Yamaha DX7IID / DX7IIFD
The DX7, a classic FM synth, gets a make-over with three significant updates. The updated models feature a more sturdy chassis with actual push-buttons replacing the cheaper and less reliable membrane buttons of the original DX7. The two real time sliders (that allow for control of user-programmable parameters in real time) are larger than before. Internally, the biggest improvement is the updated 16-bit digital circuitry for cleaner and much less noisy sound quality. Patch memory has also been doubled from 32 to 64 voices. Additional general improvements include enhanced MIDI support, micro-tuning capabilities, aftertouch controlled pitch bending, and multiple LFOs.
The DX7IID and DX7IIFD (pictured) models also added bi-timbrality with keyboard split and layering capabilities. This allows two voices to be layered in dual mode, providing very rich combinations of sounds that would otherwise be impossible with the original DX7. Voices could also be split across the keyboard, for a two part multi-timbral performance capability; again, impossible with the original DX7 (or the DX7S, as the S stands for single timbre).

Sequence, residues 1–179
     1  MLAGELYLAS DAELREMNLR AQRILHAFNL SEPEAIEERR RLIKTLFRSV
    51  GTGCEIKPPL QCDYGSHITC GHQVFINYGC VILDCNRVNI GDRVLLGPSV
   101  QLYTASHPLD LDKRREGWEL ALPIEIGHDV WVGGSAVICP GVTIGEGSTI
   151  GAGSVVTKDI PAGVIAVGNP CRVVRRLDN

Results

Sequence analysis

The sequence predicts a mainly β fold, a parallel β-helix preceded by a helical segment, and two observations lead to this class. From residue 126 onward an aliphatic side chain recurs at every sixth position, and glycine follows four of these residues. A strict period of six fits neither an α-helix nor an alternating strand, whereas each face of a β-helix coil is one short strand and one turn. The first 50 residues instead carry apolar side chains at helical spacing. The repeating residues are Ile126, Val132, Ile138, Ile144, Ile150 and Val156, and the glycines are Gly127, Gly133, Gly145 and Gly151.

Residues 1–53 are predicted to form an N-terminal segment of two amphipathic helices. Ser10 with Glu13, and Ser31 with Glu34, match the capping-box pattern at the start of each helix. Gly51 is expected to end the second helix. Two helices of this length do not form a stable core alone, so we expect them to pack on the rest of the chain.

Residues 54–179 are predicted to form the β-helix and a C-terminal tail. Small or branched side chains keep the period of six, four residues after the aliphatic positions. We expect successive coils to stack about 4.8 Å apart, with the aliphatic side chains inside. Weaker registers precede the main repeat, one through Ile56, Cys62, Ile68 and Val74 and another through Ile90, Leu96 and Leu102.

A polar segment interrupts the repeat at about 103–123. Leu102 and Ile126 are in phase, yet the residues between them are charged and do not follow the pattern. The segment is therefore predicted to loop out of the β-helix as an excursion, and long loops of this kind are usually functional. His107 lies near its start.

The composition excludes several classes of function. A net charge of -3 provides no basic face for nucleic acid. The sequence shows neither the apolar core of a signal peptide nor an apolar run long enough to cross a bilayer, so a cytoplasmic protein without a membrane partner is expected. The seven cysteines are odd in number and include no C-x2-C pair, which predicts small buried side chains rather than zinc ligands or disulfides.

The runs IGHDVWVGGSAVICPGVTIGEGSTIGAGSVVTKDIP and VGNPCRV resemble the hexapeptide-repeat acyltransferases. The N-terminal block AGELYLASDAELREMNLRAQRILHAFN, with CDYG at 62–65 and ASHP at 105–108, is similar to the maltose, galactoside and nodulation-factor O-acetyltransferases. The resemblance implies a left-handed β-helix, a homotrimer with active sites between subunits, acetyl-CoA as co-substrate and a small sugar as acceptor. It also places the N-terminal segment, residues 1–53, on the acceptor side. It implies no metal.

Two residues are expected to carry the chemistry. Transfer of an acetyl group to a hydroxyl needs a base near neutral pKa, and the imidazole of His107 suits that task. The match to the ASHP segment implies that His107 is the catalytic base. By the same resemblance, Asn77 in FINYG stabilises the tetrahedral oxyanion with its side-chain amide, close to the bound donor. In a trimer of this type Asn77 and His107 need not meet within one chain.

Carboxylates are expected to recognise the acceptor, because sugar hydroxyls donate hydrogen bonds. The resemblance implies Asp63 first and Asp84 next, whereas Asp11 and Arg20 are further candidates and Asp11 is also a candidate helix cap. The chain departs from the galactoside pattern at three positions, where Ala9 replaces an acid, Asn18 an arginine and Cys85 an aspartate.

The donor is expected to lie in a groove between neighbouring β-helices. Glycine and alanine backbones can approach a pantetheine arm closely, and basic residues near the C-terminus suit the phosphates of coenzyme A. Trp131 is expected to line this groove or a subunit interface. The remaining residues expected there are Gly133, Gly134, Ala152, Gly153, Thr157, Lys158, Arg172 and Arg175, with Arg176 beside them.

The DX7IIFD added a Floppy Drive (that's what the FD stands for) offering one megabyte of memory space (equal to 40 RAM cartridges) for thousands of voices, fractional scaling, SysEx data and more.
Pictured above in silver and gold is the DX7 Centennial, released in 1987 to celebrate Yamaha's 100th anniversary. Not just a new paint job, this limited edition model has 64-voice internal RAM memory and 64-performance memory, 32-note polyphonic stereo output (2 x 16 voices), and a 76-key velocity and after-touch sensitive keyboard that glows in the dark. Only about 300 were made and it originally retailed for $3,500!
Like the DX7, these updated models may have been used by The Crystal Method, Kraftwerk, Underworld, Orbital, Talking Heads, Brian Eno, Depeche Mode, D:Ream, Front 242, U2, A-Ha, Enya, The Cure, Stabbing Westward.
Demos & Media
Websites of Interest
Images from Perfect Circuit Audio and MatrixSynth.
Thanks to Joel Lingenfelter and Scott Marcotte for providing some of this information.